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Cancer

08 July 2010

Breast, Colon Cancer Screening Rates High, But Not High Enough

CDC says thousands of lives are lost each year because people didn't get the tests

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However, the CDC said that 7 million women who should have had a mammogram recently have gone without the potentially lifesaving screen, and 22 million Americans who should have undergone colon cancer screening have not done so.

  • People with health insurance are more likely to be screened than the uninsured (66 percent to 36 percent, respectively).
  • Colorectal screening varied by state from 74 percent in Massachusetts to 53 percent in Oklahoma.
  • The highest rates of colorectal cancer screening were in the Northeast (74 percent in Maine, Delaware, and Massachusetts).
  • The lowest rates were in the Ccntral and western regions, (Oklahoma 53 percent, Arkansas 53 percent and Idaho 54 percent).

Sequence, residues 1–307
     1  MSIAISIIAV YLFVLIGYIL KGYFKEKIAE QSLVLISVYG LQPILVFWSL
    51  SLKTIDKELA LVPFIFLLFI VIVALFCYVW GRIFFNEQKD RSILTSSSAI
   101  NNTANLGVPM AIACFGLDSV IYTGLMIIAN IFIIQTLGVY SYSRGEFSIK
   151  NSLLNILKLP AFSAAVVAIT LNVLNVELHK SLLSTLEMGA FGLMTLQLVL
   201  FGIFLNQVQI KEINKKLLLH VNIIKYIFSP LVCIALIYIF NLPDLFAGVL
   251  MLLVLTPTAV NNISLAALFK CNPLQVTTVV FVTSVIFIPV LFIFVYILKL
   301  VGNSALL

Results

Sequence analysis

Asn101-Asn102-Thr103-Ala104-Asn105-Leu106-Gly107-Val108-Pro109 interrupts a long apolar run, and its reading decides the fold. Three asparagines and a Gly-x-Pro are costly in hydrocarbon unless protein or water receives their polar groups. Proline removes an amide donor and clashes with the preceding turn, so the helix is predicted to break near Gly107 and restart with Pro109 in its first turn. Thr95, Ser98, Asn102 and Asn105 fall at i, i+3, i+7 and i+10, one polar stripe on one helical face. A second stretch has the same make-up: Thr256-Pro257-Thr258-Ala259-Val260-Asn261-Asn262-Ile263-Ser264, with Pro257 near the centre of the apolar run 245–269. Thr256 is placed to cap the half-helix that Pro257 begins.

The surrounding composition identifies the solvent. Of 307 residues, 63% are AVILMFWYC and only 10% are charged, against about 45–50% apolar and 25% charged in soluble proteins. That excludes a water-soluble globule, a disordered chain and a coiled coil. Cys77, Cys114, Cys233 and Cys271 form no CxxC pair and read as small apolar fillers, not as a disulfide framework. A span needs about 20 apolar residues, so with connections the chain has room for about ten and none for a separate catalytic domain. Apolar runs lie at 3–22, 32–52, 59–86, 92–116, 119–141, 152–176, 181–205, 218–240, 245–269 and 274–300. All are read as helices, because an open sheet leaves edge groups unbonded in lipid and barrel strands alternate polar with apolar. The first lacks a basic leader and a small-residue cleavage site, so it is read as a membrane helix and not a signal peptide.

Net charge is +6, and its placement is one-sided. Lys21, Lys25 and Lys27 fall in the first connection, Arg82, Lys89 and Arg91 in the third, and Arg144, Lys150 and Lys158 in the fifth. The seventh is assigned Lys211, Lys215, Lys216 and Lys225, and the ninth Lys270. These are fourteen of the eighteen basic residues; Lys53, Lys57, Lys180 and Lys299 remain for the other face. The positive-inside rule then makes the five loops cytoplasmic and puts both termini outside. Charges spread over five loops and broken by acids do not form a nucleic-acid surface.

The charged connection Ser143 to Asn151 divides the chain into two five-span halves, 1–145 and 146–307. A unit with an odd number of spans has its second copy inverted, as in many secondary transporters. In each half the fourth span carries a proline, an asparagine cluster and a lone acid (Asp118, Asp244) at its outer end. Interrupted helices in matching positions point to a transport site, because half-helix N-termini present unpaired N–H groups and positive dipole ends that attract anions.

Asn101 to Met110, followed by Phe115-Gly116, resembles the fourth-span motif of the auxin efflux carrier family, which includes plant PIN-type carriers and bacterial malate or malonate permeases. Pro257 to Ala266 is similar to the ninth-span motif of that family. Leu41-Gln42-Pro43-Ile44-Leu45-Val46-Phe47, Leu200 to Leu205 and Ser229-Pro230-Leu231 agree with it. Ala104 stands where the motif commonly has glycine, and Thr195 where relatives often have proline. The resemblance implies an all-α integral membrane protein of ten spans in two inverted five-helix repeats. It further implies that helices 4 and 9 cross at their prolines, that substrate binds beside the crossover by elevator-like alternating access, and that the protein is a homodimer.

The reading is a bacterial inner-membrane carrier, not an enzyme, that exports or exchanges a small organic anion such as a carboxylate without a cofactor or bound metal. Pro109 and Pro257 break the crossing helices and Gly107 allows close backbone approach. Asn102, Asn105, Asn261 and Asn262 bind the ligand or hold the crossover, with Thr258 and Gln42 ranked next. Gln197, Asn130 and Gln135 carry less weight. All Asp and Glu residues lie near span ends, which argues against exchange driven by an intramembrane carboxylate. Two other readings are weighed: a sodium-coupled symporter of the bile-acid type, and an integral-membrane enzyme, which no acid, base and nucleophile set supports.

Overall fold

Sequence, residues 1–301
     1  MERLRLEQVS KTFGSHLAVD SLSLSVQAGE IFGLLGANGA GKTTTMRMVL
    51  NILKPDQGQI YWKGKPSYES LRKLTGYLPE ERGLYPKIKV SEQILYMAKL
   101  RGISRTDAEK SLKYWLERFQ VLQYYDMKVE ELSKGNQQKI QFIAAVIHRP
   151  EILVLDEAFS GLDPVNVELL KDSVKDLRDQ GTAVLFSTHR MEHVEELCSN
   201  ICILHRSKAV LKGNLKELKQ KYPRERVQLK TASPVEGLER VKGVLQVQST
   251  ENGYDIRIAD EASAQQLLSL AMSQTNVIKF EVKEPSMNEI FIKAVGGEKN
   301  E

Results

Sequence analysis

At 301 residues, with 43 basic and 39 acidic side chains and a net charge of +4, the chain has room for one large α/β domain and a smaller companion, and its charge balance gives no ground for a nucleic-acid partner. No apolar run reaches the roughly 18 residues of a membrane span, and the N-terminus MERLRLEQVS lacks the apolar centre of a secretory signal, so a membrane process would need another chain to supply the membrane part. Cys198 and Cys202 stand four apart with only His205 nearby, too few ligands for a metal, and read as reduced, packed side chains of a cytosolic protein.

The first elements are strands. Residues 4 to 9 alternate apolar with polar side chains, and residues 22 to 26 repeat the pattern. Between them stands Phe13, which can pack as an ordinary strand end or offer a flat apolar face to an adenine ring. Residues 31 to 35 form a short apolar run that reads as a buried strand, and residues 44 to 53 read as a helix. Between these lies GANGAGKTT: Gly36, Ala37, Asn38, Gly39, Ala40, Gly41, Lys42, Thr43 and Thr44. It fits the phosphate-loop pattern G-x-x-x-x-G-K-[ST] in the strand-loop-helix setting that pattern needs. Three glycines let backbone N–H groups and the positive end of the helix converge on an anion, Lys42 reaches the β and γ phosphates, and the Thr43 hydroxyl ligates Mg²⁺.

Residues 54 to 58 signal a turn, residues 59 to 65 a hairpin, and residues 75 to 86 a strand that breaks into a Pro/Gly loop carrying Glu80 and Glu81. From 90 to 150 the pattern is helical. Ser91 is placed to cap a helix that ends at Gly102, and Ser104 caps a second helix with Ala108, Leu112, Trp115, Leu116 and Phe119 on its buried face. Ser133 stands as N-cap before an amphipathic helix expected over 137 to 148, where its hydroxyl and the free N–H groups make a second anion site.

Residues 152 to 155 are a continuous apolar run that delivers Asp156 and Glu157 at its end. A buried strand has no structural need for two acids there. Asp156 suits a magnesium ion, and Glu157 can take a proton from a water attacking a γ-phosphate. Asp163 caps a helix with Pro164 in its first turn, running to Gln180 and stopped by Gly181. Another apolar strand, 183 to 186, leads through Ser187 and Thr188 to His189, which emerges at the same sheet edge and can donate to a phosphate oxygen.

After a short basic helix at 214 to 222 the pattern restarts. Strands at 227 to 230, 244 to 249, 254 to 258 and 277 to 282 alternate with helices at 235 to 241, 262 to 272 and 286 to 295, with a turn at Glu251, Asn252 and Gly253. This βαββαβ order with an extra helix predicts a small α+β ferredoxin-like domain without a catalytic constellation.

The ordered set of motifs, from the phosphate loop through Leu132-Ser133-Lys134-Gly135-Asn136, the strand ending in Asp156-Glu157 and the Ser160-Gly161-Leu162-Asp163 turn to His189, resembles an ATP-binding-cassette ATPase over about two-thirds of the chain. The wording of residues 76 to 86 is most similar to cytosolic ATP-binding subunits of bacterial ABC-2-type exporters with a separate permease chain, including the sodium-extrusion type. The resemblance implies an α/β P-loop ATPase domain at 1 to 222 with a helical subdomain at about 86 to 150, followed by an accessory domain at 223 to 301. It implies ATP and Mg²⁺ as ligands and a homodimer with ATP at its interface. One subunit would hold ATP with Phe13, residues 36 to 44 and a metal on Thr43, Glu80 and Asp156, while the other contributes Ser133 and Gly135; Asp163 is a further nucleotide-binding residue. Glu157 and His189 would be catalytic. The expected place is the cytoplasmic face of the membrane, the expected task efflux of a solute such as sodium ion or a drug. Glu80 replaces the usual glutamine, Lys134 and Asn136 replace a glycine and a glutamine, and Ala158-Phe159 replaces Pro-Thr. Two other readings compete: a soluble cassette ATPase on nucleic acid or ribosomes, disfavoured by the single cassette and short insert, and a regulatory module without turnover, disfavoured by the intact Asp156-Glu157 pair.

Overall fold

• Screening rates were low among all racial and ethnic minorities except for blacks.
  • Other factors associated with low screening rates include low income (48 percent) and having less than a high school education (46 percent).

  • The lowest rates of breast cancer screening were among American Indian and Alaska Native women (70 percent).
  • Screening rates were lower among women with less than a high school education (73 percent), and low income women (69 percent).
  • Mammography rates were lowest in the western and southern states of Nevada (72 percent), Mississippi (72 percent), and Idaho (73 percent).
  • More insured women were screened than uninsured women (84 percent versus 56 percent).
  • However, even 16 percent of insured women did not have an up-to-date mammogram.

 

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CANSA’s purpose is to lead the fight against cancer in South Africa. Its mission is to be the preferred non-profit organisation that enables research, educates the public and provides support to all people affected by cancer. Questions are answered by CANSA’s Head of Health Professor Michael Herbst. For more information, visit cansa.org.za.

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